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Developments in the Measurement of Subjective Well-Being

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  • Daniel Kahneman
  • Alan B. Krueger

Abstract

Direct reports of subjective well-being may have a useful role in the measurement of consumer preferences and social welfare, if they can be done in a credible way. Can well-being be measured by a subjective survey, even approximately? In this paper, we discuss research on how individuals' responses to subjective well-being questions vary with their circumstances and other factors. We will argue that it is fruitful to distinguish among different conceptions of utility rather than presume to measure a single, unifying concept that motivates all human choices and registers all relevant feelings and experiences. While various measures of well-being are useful for some purposes, it is important to recognize that subjective well-being measures features of individuals' perceptions of their experiences, not their utility as economists typically conceive of it. Those perceptions are a more accurate gauge of actual feelings if they are reported closer to the time of, and in direct reference to, the actual experience. We conclude by proposing the U- index, a misery index of sorts, which measures the proportion of time that people spend in an unpleasant state, and has the virtue of not requiring a cardinal conception of individuals' feelings.

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File URL: http://www.aeaweb.org/articles.php?doi=10.1257/089533006776526030
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Bibliographic Info

Article provided by American Economic Association in its journal Journal of Economic Perspectives.

Volume (Year): 20 (2006)
Issue (Month): 1 (Winter)
Pages: 3-24

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Handle: RePEc:aea:jecper:v:20:y:2006:i:1:p:3-24

Note: DOI: 10.1257/089533006776526030
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  1. William D. Nordhaus, 1998. "Quality Change in Price Indexes," Journal of Economic Perspectives, American Economic Association, vol. 12(1), pages 59-68, Winter.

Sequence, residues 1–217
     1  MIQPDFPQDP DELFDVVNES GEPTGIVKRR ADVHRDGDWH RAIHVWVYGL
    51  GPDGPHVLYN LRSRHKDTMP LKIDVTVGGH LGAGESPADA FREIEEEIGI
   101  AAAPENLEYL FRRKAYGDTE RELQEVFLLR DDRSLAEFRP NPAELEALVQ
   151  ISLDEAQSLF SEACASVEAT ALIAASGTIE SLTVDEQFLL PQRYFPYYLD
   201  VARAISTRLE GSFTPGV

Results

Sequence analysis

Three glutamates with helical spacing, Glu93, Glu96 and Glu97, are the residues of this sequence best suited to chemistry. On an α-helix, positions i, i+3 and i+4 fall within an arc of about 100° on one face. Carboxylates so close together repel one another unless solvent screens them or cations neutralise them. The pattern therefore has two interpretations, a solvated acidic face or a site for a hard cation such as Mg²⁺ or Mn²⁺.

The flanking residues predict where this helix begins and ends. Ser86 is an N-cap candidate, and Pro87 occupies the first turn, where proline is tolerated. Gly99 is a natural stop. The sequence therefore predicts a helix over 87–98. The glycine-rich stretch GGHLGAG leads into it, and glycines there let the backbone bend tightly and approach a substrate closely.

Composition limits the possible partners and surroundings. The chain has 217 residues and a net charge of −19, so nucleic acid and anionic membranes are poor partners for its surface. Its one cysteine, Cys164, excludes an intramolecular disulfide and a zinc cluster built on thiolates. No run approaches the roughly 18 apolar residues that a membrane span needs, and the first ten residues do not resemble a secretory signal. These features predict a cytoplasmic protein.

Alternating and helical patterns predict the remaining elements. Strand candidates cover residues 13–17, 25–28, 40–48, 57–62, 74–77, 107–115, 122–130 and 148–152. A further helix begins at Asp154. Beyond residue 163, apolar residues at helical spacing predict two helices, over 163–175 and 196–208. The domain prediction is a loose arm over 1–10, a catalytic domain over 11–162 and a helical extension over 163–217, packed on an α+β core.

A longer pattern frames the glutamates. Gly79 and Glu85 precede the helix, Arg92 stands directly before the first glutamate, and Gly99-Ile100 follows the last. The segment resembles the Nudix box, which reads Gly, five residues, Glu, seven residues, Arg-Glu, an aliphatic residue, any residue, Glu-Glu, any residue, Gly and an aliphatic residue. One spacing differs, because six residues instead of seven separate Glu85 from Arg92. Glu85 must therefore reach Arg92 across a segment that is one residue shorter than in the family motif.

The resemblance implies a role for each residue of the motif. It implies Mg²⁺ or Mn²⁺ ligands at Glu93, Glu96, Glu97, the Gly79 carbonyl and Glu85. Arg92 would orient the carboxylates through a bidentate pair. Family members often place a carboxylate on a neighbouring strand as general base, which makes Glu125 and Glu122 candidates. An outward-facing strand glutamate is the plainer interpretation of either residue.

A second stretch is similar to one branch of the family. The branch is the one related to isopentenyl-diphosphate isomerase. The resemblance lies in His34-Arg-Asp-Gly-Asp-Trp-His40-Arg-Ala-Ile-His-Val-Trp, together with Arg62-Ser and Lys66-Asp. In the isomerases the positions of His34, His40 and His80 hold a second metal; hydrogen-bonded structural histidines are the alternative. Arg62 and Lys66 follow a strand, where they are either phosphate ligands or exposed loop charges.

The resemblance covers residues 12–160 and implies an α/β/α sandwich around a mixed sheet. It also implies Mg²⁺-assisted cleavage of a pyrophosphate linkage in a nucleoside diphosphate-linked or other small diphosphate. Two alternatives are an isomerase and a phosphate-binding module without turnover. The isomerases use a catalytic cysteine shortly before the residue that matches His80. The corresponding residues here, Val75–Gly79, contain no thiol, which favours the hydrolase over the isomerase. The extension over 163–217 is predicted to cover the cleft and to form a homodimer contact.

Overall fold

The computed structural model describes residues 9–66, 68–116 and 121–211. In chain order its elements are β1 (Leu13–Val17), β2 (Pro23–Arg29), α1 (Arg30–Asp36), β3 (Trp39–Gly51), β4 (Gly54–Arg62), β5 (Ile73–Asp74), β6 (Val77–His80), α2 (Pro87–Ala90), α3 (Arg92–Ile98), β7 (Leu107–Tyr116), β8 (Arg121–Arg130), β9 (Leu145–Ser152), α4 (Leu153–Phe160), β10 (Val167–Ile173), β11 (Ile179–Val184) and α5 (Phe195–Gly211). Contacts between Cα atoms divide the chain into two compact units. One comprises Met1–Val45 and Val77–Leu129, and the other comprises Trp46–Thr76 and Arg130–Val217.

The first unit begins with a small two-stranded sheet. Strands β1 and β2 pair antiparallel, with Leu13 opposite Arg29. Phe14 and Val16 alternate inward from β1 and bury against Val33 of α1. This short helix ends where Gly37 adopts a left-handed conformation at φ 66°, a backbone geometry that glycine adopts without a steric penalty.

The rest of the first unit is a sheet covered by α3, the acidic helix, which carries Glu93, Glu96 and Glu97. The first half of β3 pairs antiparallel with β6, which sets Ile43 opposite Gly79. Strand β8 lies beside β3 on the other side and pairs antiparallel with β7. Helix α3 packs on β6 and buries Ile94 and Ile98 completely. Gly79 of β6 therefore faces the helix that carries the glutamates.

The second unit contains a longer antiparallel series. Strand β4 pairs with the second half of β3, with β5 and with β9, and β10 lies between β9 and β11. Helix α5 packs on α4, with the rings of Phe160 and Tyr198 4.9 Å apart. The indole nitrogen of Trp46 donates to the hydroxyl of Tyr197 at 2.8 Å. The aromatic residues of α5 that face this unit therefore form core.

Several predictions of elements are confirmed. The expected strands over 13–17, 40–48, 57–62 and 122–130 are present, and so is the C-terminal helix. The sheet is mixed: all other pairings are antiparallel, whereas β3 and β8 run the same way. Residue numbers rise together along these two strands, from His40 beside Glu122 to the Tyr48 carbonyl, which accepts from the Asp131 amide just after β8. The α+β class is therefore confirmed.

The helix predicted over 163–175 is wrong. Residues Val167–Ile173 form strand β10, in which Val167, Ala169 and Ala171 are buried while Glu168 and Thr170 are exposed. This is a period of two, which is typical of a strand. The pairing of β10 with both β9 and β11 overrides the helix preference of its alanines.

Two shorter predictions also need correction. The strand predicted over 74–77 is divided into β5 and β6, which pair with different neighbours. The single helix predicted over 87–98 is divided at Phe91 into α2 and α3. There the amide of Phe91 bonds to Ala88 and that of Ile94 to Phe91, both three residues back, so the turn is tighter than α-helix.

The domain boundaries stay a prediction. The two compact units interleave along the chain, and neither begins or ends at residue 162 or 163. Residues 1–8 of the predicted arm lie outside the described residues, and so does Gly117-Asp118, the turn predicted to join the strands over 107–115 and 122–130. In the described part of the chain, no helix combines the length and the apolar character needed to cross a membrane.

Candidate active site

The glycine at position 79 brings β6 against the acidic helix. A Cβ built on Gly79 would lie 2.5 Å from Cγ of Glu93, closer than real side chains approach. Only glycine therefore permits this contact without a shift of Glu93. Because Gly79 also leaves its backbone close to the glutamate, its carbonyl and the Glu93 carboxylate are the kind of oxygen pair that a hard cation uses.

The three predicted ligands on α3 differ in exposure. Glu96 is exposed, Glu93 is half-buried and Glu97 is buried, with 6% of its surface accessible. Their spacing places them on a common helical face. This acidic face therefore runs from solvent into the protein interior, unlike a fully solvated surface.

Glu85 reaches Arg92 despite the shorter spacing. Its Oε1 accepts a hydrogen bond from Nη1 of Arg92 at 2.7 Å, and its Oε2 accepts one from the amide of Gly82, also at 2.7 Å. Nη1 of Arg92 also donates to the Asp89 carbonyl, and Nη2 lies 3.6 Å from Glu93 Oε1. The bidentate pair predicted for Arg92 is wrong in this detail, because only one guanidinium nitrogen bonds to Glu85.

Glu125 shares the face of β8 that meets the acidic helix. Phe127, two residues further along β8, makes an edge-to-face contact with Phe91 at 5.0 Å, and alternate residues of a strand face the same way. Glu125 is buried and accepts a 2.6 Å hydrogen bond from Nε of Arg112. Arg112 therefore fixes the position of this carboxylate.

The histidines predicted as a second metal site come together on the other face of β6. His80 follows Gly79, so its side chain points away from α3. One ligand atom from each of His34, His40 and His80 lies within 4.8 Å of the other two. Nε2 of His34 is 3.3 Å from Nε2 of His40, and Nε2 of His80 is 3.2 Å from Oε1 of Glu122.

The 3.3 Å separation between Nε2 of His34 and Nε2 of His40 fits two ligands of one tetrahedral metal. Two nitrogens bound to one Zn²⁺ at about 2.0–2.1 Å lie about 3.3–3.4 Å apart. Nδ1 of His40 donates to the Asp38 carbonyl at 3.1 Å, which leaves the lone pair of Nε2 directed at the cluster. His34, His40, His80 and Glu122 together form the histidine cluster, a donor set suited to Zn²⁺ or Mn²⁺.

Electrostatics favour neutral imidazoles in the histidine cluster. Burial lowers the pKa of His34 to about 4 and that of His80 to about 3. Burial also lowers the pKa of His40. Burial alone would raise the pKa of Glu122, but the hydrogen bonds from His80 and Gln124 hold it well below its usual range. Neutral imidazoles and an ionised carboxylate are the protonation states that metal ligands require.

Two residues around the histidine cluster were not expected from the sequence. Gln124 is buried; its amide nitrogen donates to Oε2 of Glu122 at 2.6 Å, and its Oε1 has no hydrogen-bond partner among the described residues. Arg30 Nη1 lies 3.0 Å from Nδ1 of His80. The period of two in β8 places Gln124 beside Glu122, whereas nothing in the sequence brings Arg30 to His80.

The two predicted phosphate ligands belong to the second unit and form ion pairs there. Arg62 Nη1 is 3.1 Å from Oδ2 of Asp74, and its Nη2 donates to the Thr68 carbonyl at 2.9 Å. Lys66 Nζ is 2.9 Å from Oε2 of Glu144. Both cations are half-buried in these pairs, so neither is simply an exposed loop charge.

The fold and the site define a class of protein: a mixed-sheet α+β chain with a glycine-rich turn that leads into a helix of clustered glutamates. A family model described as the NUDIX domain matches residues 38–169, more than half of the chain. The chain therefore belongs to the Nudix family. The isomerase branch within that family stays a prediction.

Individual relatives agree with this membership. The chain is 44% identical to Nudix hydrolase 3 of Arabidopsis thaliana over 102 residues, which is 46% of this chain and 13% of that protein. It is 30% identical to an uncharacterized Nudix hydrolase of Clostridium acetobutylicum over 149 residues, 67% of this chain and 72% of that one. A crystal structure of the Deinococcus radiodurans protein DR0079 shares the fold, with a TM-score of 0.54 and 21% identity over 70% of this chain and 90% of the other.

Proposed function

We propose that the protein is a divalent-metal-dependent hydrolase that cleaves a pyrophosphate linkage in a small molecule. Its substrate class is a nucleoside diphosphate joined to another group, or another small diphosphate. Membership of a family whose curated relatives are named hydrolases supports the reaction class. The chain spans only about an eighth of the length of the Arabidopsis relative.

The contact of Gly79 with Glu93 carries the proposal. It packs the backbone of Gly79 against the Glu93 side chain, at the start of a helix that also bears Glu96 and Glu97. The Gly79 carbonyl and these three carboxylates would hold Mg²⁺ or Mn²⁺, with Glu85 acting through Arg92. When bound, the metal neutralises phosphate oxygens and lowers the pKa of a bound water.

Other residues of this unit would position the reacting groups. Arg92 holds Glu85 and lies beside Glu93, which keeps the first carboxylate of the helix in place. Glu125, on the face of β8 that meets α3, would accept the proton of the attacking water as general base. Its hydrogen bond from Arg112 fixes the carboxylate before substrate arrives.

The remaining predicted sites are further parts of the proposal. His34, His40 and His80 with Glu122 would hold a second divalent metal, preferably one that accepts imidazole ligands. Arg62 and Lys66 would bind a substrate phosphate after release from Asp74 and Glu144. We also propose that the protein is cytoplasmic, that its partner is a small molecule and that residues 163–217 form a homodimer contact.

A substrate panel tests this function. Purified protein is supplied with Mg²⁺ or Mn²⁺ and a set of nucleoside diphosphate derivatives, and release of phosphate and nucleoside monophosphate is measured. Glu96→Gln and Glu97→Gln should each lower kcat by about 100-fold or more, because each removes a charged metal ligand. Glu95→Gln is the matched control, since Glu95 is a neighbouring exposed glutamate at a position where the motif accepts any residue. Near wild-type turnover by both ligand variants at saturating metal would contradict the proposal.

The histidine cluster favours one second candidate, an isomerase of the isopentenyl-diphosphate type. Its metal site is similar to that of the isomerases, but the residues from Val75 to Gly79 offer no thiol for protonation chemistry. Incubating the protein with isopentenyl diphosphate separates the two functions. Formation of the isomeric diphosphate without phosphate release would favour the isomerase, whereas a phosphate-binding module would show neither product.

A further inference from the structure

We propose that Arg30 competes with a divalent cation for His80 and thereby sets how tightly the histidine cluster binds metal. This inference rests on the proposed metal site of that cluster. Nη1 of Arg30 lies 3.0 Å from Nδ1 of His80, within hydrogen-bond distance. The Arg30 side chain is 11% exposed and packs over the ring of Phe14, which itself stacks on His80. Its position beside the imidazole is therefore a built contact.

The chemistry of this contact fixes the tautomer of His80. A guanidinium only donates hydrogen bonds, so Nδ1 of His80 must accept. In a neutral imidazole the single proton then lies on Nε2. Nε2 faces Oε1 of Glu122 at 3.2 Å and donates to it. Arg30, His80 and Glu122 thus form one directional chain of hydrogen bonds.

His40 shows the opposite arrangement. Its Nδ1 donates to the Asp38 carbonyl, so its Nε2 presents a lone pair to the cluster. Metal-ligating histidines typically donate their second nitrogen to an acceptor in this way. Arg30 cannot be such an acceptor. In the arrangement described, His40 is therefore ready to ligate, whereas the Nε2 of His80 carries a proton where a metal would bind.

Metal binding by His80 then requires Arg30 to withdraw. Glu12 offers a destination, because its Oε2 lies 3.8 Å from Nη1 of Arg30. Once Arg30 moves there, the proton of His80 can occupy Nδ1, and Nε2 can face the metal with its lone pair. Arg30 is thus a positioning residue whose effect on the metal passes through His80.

2. Andrew E. Clark & Ed Diener & Yannis Georgellis & Richard E. Lucas, 2007. "Lags and leads in life satisfaction: a test of the baseline hypothesis," LSE Research Online Documents on Economics 19656, London School of Economics and Political Science, LSE Library.
  3. Erzo F. P. Luttmer, 2005. "Neighbors as Negatives: Relative Earnings and Well-Being," The Quarterly Journal of Economics, MIT Press, vol. 120(3), pages 963-1002, August.
  4. Oswald, Andrew J. & Powdthavee, Nattavudh, 2008. "Does happiness adapt? A longitudinal study of disability with implications for economists and judges," Journal of Public Economics, Elsevier, vol. 92(5-6), pages 1061-1077, June.
  5. Clark, Andrew E. & Oswald, Andrew J., 1994. "Satisfaction and comparison income," CEPREMAP Working Papers (Couverture Orange) 9408, CEPREMAP.
  6. Robert J. MacCulloch & Rafael Di Tella & Andrew J. Oswald, 2001. "Preferences over Inflation and Unemployment: Evidence from Surveys of Happiness," American Economic Review, American Economic Association, vol. 91(1), pages 335-341, March.
  7. Richard B. Freeman, 1978. "Job Satisfaction as an Economic Variable," NBER Working Papers 0225, National Bureau of Economic Research, Inc.
  8. Ferrer-i-Carbonell, Ada, 2005. "Income and well-being: an empirical analysis of the comparison income effect," Journal of Public Economics, Elsevier, vol. 89(5-6), pages 997-1019, June.
  9. Easterlin, Richard A., 1995. "Will raising the incomes of all increase the happiness of all?," Journal of Economic Behavior & Organization, Elsevier, vol. 27(1), pages 35-47, June.
  10. Easterlin, Richard A, 2001. "Income and Happiness: Towards an Unified Theory," Economic Journal, Royal Economic Society, vol. 111(473), pages 465-84, July.
  11. Philip Oreopoulos, 2003. "Do Dropouts Drop Out Too Soon? Evidence from Changes in School-Leaving Laws," Working Papers oreo-03-01, University of Toronto, Department of Economics.
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